â€śWhat we have in common is mechanical engineering. The people in this program come from different backgrounds, different levels of education, but we have the same knowledge base.â€ť
Science and engineering transcend demographic differences in the experience of Iyabo Lawal, a first-year graduate student in MECH at Rice University, based on the six weeks she spent in the Nonlinear Dynamics of Coupled Structures and Interfaces (ND-CSI) summer program run by Matthew Brake, assistant professor of MECH at Rice.Â
What distinguishes ND-CSI from other engineering summer programs is the breadth of its participantsâ€™ backgrounds. Enrolled were 16 graduate students and postdocs from nine countries, four Texas high-school students in a STEM outreach program, and seven Rice undergraduates, with one more from the University of California, Berkeley. The undergrads are co-advised by Eleazar Marquez, a lecturer in MECH at Rice. All graduate students and postdocs were given six weeks of homework to complete before the program started June 26 on the Rice campus.Â
â€śThe younger students are learning what itâ€™s like to be a graduate researcher. Theyâ€™re doing hands-on work themselves and learning how to work as part of a team and write a report on their findings. The grad students and postdocs learn what it means to be a mentor,â€ť Brake said.
The students piled into four teams. Lawal joined Shrinil Shah, who earned his masterâ€™s degree in MECH from Arizona State University last spring and remains there as a graduate research engineer. Their project explored â€śThe Effect of Non-Flat Interfaces on System Dynamics,â€ť and they have two months after the completion of the project to submit a paper detailing their findings.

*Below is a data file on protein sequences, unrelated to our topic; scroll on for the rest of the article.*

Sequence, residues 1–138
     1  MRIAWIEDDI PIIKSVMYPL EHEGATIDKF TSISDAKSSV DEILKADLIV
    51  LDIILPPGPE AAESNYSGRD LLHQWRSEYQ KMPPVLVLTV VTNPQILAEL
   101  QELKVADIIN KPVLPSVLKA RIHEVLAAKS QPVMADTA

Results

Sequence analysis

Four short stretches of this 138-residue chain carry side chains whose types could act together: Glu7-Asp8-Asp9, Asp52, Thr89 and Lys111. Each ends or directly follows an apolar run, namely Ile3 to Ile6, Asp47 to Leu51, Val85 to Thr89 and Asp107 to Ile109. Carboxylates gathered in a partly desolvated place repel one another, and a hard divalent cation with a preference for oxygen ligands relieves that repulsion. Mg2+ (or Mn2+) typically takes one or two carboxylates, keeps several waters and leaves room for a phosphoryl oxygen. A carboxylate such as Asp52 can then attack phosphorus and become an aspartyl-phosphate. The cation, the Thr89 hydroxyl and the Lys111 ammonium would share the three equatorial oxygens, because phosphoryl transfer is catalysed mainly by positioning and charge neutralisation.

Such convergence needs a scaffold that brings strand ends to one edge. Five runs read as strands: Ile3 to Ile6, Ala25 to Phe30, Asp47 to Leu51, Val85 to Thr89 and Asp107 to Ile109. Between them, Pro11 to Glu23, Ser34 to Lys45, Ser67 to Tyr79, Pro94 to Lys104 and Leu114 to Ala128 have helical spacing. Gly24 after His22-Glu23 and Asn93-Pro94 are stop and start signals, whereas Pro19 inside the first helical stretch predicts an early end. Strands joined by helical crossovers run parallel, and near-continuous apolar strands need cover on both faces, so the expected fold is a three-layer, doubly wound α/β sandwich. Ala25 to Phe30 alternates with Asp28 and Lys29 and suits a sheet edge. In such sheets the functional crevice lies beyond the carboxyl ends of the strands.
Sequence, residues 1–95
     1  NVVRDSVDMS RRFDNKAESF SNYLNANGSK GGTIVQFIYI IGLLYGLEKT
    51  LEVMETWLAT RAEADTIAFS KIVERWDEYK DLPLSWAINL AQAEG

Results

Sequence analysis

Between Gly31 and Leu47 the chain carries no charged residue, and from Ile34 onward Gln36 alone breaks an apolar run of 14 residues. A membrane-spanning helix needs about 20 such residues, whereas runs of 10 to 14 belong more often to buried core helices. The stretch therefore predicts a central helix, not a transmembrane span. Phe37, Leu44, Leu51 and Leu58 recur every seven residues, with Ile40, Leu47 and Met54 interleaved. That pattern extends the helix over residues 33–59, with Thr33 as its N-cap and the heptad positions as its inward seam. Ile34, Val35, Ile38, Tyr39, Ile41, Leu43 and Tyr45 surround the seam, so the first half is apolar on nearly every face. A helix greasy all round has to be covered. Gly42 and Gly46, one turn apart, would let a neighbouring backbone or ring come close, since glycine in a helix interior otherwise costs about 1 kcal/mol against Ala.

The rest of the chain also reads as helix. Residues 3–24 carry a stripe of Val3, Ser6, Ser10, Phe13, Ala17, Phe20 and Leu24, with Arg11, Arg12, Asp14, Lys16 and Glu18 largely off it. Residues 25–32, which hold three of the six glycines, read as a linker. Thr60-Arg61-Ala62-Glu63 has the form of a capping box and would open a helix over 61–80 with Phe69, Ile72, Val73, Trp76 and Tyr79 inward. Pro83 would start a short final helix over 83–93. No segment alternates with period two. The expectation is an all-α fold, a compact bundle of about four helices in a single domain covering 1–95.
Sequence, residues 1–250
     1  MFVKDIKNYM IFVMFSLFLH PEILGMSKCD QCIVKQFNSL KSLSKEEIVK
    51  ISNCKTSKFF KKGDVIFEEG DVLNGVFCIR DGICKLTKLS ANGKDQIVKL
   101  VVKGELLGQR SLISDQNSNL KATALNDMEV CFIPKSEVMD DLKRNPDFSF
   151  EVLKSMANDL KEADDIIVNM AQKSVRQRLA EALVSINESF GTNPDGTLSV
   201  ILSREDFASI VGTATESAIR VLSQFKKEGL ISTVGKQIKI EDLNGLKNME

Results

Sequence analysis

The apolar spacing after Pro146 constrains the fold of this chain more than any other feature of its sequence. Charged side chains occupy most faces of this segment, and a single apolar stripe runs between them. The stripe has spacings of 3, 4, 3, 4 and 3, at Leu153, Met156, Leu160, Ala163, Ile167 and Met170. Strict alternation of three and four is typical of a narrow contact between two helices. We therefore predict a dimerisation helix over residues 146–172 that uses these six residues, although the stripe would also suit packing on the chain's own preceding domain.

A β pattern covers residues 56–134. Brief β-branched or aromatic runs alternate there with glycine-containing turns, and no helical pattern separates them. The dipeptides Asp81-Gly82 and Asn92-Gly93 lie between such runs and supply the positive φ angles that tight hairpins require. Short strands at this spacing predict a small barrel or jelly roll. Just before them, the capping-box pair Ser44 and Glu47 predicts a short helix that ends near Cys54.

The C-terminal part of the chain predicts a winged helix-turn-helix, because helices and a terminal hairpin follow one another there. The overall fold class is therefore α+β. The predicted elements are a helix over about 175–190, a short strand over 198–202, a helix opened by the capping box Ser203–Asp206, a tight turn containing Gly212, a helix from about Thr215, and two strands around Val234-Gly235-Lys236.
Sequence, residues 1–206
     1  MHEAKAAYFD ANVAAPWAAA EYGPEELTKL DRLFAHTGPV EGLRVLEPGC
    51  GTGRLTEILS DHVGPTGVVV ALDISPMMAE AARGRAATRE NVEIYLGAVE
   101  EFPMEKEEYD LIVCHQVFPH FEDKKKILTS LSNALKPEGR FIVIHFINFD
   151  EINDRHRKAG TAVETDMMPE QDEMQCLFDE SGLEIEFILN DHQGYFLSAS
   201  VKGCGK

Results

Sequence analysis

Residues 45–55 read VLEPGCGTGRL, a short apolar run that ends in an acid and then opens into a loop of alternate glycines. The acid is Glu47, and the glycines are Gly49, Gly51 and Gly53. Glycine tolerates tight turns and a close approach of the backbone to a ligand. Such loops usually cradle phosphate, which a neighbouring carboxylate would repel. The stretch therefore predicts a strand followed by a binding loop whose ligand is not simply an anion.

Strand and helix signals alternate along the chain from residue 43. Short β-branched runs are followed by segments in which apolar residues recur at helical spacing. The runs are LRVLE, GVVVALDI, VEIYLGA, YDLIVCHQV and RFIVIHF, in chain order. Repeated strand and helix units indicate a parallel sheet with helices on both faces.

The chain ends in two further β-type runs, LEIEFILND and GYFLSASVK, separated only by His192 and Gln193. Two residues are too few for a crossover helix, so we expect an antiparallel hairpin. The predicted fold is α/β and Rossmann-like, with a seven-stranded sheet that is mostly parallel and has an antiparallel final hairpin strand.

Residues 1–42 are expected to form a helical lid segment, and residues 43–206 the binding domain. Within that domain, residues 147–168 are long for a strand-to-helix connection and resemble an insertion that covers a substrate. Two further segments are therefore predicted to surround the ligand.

The graduate research focused on problems related to a central issue: How can engineers predict the dynamics of an assembled structure? â€śThe assemblies they analyzed,â€ť Brake said, â€ścontained strong nonlinearities that cannot be accurately predicted a priori, and can result in companies undergoing multiple rounds of design, fabrication, testing, and model updating before they can have confidence that a structure will not fail.â€ť
This trouble-shooting process is estimated to cost companies in the U.S. some $2.5 billion annually. The graduate research problems focused on studying the effects of such manufacturing variations and developing a technique to measure interfacial contact pressure. â€śThey applied system-identification techniques to jointed structures that had never been tried before,â€ť Brake said, â€śand came up with a new theory for measuring the coupling between modes inherent in nonlinear systems.â€ť
After earning his Ph.D. in MECH from Carnegie Mellon University in 2007, Brake joined Sandia National Laboratories as a post-doctoral researcher. He eventually was promoted to being a principal research and development scientist and engineer, and remained at Sandia until 2016, when he joined the Rice faculty.
At Sandia, Brake founded and directed the Nonlinear Mechanics and Dynamics (NOMAD) Institute, the immediate precursor to ND-CSI. Brake serves as secretary of the ASME (American Society of Mechanical Engineering) Research Committee on the Mechanics of Jointed Structures
Funding for the program was provided by the Faculty Initiatives Fund, the Department of MECH at Rice and the deanâ€™s office in the George R. Brown School of Engineering. Organizing the program with Brake are Christoph Schwingshackl of the Imperial College, London; Matt Allen of the University of Wisconsin, Madison; and Malte Krack of the University of Stuttgart.